On Hell-On the feminist voice of Neko Case shines through loud and clear | Concert Preview | Chicago Reader

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On Hell-On the feminist voice of Neko Case shines through loud and clear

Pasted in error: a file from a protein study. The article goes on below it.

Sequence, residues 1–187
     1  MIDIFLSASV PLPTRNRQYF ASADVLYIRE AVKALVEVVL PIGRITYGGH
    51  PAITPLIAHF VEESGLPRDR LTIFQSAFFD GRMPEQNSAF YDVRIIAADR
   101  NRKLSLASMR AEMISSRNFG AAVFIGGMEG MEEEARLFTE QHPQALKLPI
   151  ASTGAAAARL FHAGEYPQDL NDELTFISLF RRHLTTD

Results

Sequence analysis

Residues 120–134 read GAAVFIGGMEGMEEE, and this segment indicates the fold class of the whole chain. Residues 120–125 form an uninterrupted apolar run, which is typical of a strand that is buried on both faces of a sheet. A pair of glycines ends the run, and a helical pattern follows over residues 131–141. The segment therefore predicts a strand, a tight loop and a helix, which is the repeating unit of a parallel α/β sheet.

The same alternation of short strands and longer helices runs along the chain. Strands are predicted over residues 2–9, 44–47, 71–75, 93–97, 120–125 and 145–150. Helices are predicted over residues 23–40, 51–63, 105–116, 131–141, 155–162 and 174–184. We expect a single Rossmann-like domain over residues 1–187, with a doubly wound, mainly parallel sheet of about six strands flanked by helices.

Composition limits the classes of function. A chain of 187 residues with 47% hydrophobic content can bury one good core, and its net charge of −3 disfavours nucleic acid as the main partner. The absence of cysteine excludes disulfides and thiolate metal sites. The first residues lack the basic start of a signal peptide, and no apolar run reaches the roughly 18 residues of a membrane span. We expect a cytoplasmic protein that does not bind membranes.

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Neko Case has rarely voiced her ideas directly in gorgeously, meticulously plotted music, preferring allusion, metaphor, and the pure sound of language, but there’s no missing a sense of mission and drive on her new album Hell-On (Anti). The travails Case endured during the production of the album have been widely reported; her Vermont home burned down while she was in Sweden recording with Björn Yttling of Peter Bjorn & John, and she dealt with both a fanatic stalker and a prying reporter. Much of the music was written before these trials, and as always her fighting feminist spirit bursts through most of the songs. The title track opens the album with a Zen-like expression of the ultimate helplessness of mankind, as she asserts, “God is not a contract / Or a guy / God is an unspecified tide.” From there she moves on to subjects where she’s intent on demanding agency; “My Uncle’s Navy” is a portrait and rejection of a bullying, abusive man (not an actual blood relative), and “Last Lion of Albion” takes on colonialism through a feminist lens. Case was laying down the vocals to “Bad Luck” in the immediate aftermath of the house fire; her voice registers a mixture of resignation and vulnerability as she catalogs a streak of bad luck before insisting, “My heart could break for a one-legged seagull.” “Winnie,” about a titular character who’s a badass worthy of Case’s admiration, functions as a love letter to women in general: “I wanted to be her sailor’s tattoo,” she sings. The record was made with a large cast of collaborators, and among them the vocalists make the greatest impact: Kelly Hogan, Nora O’Connor, Laura Veirs, Beth Ditto, and K.D. Lang, and others provide harmony singing, and Case duets with Mark Lanegan and Eric Bachman. The elegant melodies don’t cleave to any particular style as they float over lush, soaring pop-rock arrangements with the slightest hint of the singer’s twangy roots.   v

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